The Human Rights Commission of Sri Lanka has proposed to change the Article 16 of the constitution of Sri Lanka, which says that all written and unwritten law that existed prior to the 1978 Constitution is ‘valid and operative’ even if they are ‘inconsistent’ with fundamental rights granted to all citizens.
Here is the brief statement by the HRC-SL.
The Human Rights Commission of Sri Lanka, having considered various representation on the above and also Sri Lanka’s international human rights obligations, recommends that the following principles guide the current constitutional reform process:
“The HRCSL is of the view that the future Constitution of Sri Lanka must recognize the principle of supremacy of the Constitution. All written and customary laws will be invalid to the extent of inconsistency with the Constitution of Sri Lanka.
An appeal to change the article 16 of the constitution of Sri Lanka
Article 16(1) is a clause in the Fundamental Rights chapter of the 1978 Constitution of Sri Lanka. It says that all written and unwritten law that existed prior to the 1978 Constitution is ‘valid and operative’ even if they are ‘inconsistent’ with fundamental rights granted to all citizens. This means that if any of the over 600 written and unwritten laws (which were in existence before 1978) infringes or violates a person’s fundamental rights then these violations cannot be challenged.
Article 16(1) of the present Constitution is highly problematic because it supersedes the Constitution and fails to guarantee equality and non-discrimination for all people of Sri Lanka. There are many groups of Sri Lankans who are affected due to this provision in the current constitution including persons with disabilities, sex workers, LGBTIQ and minority women and children.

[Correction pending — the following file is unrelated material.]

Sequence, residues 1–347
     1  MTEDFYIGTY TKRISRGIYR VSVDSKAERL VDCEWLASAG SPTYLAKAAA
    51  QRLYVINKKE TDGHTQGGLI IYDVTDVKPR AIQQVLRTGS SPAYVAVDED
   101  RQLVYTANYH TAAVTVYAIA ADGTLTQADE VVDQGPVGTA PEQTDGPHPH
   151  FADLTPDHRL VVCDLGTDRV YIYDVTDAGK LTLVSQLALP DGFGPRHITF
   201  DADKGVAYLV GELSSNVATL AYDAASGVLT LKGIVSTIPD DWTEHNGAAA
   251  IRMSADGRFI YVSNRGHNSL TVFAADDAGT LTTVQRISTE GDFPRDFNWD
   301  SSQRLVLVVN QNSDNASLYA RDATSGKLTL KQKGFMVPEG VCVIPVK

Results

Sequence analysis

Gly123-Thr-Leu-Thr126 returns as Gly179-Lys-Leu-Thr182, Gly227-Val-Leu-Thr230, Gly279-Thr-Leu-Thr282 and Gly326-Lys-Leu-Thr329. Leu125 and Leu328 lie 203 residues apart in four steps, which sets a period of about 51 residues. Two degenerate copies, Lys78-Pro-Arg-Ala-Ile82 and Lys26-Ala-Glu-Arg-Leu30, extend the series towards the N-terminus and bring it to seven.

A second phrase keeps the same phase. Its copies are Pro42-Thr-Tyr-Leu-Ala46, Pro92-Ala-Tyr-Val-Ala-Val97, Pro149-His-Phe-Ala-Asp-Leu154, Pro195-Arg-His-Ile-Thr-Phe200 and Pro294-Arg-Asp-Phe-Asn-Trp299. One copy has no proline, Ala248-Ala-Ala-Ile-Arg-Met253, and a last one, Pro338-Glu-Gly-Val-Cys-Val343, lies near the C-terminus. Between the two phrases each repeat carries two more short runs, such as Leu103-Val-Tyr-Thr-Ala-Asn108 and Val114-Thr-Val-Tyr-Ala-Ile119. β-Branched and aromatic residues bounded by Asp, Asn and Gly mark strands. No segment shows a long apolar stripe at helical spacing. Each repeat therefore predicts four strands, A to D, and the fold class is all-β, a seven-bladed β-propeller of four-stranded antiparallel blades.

We appeal to the Honorable Prime Minister, members of the Steering Committee on Constitutional Reform and elected leaders of Sri Lanka, to ensure that the new Constitution of Sri Lanka is the supreme law of the land and that the fundamental rights guaranteed are available to all people of Sri Lanka unconditionally. We demand that the new Constitution not leave out any Sri Lankan from the fundamental rights protection it confers for any reason.
Keeping Article 16(1) in its current state means that the Constitutional reform process fails to ensure that many groups of people are protected against violations of human rights, gender equality and fundamental rights in everyday matters of personal choice, family, social, cultural and economic life.
Keeping Article 16(1) means discriminatory laws will continue to have effect under the new constitutional order. For those Sri Lankans who are discriminated by these laws – the new constitution will be no different from the existing one, and will fail them yet again.
Therefore we urge that Article 16(1) is repealed to ensure that no written or unwritten law will stand in the way of full realization of fundamental rights by all people in Sri Lankan.
If the new Constitution is to be inclusive, rights-based and progressive, then the only way forward is for the Constitution to ensure equality for all regardless of age, gender, sexual orientation, disability, ethnicity or religion.